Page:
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Fresh mangoes are chopped and blended to make a thick juice, which is served with fresh hot puris (small, round deep-fried wheat flour).
Made using burnt milk, this decadent dessert is appreciated by all. It can also be made with hung curd, which is flavoured with saffron. It is a part of the famed Indian thali, and is served at a majority of Maharashtrian weddings.
Also known as patra, this Maharashtrian delicacy is made by dipping the leaves of the colocasia plant or the taro root in sweet and tangy flour, stacking them together and then finally steaming and frying them.
This spicy paratha (Indian flatbread) is prepared extensively in Maharashtra. Made of rice, wheat, bajra, jowar or besan flour, it tastes heavenly with a dollop of butter and cool curd.
This sweet paratha (Indian flatbread) is filled with lentils and jaggery. It is best had hot with a dollop of ghee (clarified butter), and is a made in huge quantities during the festival of Ganesh Chaturthi, which is perhaps the grandest festival of Maharashtra.
Pearl tapioca (sabudana) is soaked overnight to make this tasty meal. Peanuts, grated coconut, green chillies and ghee (clarified butter) are added to the sabudana and cooked to make the khichdi, a preparation of rice and lentils.
This Maharashtrian delicacy is served in big hotels and roadside eateries, and has a savoury taste. It is a thick vegetable curry made from seasonal vegetables, potatoes, tomatoes and onions served with pav, which is bread roll, and is topped with butter. It is best served hot.
The word 'pav' comes from the Portuguese word for bread and 'bhaji' in Marathi means a vegetable dish. Pav Bhaji is said to have been originated in the state of Maharashtra as a midnight meal for textile workers in the 1850s. As the story goes, since the mill workers worked late into the night, their wives would feel annoyed when they got home and asked for dinner. Thus, to make a filling meal, they started collecting leftover bread and mixing all the vegetables and mashing them. This was a rough version of the delectable pav bhaji that is relished today.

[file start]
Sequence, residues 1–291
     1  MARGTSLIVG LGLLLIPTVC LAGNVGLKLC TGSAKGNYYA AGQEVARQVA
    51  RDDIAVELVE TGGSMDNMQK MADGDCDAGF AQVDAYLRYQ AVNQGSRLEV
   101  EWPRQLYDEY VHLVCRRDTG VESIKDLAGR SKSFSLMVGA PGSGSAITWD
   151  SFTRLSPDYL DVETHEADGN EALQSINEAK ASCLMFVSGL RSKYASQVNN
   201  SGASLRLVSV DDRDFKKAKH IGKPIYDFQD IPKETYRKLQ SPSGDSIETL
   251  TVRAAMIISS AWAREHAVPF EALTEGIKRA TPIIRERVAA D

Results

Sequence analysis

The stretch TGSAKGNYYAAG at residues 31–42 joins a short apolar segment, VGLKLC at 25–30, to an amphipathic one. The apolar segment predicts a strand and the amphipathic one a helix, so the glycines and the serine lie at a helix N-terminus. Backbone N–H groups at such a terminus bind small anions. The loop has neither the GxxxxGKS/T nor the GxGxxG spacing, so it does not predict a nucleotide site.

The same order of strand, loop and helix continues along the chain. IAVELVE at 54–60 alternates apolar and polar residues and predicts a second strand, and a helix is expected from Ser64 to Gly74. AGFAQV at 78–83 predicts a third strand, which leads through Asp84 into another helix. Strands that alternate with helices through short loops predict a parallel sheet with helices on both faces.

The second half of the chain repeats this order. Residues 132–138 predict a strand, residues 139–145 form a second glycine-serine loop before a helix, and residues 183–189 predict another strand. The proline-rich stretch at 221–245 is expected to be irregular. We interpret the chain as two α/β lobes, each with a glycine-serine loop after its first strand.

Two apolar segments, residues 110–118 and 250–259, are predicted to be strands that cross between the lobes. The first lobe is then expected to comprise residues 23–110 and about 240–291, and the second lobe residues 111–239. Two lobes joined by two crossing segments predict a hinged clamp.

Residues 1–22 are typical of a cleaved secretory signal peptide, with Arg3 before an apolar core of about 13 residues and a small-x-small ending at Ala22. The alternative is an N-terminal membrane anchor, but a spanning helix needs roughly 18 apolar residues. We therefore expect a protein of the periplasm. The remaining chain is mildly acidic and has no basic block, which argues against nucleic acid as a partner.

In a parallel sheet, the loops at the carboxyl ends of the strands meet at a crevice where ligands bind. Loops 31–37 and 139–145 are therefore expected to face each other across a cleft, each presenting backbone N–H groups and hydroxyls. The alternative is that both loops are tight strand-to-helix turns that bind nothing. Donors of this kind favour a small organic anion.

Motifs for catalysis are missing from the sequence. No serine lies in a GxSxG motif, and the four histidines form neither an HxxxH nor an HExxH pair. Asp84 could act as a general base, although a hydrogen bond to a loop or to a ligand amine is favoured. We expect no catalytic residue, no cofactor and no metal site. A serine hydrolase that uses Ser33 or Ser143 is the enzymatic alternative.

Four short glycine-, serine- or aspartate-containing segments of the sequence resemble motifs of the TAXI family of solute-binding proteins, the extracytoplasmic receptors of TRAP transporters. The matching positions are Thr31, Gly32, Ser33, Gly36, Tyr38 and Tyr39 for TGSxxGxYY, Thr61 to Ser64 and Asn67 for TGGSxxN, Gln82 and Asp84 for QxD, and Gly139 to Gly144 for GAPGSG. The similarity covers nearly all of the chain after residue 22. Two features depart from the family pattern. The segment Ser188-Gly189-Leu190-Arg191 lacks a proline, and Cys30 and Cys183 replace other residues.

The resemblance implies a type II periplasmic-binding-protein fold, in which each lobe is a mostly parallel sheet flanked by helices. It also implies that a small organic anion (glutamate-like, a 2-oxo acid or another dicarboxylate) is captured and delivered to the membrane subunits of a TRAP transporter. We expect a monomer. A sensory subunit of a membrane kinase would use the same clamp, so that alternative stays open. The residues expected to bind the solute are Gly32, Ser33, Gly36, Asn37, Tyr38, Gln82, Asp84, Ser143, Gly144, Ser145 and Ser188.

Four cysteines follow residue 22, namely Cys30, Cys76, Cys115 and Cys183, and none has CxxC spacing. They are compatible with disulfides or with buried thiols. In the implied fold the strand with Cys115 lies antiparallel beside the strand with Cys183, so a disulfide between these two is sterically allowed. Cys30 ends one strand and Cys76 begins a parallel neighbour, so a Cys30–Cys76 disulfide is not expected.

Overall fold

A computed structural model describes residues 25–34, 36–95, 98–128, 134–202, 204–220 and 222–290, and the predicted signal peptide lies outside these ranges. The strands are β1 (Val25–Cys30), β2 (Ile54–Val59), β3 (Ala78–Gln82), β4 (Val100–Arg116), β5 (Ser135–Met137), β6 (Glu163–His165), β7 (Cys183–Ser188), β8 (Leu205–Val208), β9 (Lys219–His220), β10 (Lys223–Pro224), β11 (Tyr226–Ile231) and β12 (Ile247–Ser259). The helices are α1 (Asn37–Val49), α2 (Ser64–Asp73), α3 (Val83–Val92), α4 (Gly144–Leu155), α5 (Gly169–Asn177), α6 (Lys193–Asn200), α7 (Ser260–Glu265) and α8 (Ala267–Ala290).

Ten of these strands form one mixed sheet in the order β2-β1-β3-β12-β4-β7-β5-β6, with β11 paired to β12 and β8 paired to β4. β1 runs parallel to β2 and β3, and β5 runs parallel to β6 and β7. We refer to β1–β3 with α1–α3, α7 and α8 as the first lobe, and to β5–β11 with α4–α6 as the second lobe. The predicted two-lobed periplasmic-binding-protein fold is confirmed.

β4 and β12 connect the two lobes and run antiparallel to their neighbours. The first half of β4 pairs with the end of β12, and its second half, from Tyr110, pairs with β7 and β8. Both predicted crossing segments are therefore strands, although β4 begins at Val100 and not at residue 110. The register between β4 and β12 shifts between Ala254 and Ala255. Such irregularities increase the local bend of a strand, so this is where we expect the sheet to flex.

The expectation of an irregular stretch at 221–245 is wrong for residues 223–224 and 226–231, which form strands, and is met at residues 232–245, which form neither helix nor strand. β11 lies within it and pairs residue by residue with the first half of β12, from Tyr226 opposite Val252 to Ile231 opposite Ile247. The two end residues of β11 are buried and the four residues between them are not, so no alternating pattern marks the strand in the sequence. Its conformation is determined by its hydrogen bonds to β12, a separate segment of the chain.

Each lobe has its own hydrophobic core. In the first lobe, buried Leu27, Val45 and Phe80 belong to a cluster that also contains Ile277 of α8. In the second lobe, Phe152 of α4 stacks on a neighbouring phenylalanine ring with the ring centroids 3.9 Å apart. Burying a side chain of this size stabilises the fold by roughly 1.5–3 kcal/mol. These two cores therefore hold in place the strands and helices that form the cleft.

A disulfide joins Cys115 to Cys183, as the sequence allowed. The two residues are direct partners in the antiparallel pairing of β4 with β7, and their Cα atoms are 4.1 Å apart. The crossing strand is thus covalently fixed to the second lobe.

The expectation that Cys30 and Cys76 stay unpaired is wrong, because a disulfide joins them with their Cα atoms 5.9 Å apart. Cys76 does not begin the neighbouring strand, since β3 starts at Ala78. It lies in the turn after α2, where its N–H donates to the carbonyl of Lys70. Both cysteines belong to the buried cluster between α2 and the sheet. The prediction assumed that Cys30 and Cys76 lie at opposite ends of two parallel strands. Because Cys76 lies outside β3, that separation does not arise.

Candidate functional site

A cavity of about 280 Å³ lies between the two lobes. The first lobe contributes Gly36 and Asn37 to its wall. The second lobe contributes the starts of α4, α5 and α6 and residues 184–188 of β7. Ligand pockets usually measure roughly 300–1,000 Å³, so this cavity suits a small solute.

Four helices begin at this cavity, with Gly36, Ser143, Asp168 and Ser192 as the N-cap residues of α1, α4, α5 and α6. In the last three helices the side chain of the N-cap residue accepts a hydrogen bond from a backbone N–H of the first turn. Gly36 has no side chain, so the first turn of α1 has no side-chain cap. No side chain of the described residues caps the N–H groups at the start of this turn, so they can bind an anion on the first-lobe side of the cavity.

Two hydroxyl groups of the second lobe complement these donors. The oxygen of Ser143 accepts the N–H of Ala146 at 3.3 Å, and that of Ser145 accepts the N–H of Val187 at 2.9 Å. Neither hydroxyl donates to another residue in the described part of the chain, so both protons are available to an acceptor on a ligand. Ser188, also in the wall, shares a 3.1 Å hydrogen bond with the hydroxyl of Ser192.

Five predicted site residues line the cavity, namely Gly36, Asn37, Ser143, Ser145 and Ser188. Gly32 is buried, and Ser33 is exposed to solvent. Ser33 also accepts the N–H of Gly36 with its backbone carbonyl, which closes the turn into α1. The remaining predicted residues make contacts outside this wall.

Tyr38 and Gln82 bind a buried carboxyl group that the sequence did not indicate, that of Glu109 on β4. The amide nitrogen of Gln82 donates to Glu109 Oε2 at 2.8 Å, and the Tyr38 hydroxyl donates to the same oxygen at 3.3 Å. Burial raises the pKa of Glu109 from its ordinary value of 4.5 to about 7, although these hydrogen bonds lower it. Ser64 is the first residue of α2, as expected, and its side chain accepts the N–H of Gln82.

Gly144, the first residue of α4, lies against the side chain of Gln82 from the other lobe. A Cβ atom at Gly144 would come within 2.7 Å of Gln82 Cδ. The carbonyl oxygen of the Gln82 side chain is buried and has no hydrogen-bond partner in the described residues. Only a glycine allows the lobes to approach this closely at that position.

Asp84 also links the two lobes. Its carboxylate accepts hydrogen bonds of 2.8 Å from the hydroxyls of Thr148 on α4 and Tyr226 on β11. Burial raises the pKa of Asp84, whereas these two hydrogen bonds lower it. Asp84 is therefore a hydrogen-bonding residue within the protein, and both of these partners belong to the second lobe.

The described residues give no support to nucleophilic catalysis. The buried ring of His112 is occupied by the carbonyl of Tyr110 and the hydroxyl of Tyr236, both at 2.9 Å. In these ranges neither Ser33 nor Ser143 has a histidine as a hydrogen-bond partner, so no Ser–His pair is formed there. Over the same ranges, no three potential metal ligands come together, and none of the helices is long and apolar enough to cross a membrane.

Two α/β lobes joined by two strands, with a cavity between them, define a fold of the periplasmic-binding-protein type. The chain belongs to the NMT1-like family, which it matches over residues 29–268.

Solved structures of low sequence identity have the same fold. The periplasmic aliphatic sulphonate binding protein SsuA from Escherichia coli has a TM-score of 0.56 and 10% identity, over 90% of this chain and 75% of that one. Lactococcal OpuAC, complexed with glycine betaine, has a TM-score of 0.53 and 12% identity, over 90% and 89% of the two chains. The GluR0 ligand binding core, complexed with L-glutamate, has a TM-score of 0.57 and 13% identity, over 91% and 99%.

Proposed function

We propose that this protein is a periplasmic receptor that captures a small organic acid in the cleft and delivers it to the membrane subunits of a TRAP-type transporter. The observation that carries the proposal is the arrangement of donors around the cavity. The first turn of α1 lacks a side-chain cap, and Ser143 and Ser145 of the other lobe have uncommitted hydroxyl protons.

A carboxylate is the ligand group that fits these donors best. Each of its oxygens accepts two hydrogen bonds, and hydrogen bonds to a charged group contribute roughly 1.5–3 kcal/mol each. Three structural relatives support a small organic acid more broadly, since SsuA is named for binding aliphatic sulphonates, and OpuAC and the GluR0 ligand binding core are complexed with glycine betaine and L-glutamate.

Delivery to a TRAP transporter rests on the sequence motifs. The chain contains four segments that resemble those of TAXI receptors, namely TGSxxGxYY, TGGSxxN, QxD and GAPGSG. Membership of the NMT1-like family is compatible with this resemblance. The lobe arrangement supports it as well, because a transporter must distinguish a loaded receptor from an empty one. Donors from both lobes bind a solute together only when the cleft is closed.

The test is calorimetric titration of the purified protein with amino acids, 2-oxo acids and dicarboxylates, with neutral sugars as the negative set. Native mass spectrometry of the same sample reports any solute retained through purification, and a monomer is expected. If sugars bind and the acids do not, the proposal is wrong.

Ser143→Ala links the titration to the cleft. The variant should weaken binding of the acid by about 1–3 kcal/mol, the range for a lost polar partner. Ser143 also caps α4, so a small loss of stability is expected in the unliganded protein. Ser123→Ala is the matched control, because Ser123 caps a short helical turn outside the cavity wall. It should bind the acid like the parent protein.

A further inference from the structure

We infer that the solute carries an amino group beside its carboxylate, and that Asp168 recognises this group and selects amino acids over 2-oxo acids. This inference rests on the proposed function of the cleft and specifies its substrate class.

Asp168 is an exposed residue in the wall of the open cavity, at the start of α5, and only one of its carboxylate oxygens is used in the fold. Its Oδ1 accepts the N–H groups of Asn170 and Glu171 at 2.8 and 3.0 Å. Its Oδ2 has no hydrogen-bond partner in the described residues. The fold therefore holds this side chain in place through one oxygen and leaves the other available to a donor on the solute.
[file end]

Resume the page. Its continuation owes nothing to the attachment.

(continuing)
Groundnuts and jaggery are combined to make this delicious sweet snack that is enjoyed by one and all. It has many variants where, instead of groundnut, the makers use sesame, khobara (desiccated coconut) and even chana (gram). The name of every chikki variety comes from the ingredients used in the making.
A fast-food savoury snack made from puffed rice, onions, tomatoes, cucumber and tangy tamarind sauce, it is mostly available as chaat (savoury snack) at the beachside eateries and the alleys of Pune and relished by locals and visitors alike. Legend has it that chaat was first made in the kitchens of Mughal emperor Shah Jahan when his doctor advised him to eat light and spicy foods. While the exact origins of bhel puri are unknown, many believe that it was brought to Maharashtra by a Gujarati migrant. There is an interesting tale associated with this scrumptious snack.
It says that during British rule in India, a famous chef, William Harold, was sent to help with the meal preparations for the troops. Since he was so good, he was soon promoted to a cook of a high-ranking official. It so happened that the officer ordered Harold to cook him a local recipe and he learnt how to make bhel puri, which was made of puffed rice and potatoes. It so impressed the soldiers that the officer asked Harold to look for more local recipes. It is said that the chef could not find any more recipes and when he told his officer that he would be eating french fries that night, the officer was so enraged that he shot Harold in the head.
Sesame seeds, ginger, coriander powder, chilli powder, turmeric powder, cumin powder, green chilli, asafoetida, sugar and salt are mixed with desiccated coconut and poppy seeds to make this delicious snack that goes perfectly with tea. It is well-known across the state of Maharashtra.
With jaggery, tamarind pulp, goda masala (a sweet spice), scraped coconut, cumin seeds, onions, green chillies, asafoetida, fresh coriander and salt, this Maharashtrian version of tur dal (split pigeon peas) provides a burst of flavour in the mouth. Sweet, spicy and savoury come together to give a rare flavour.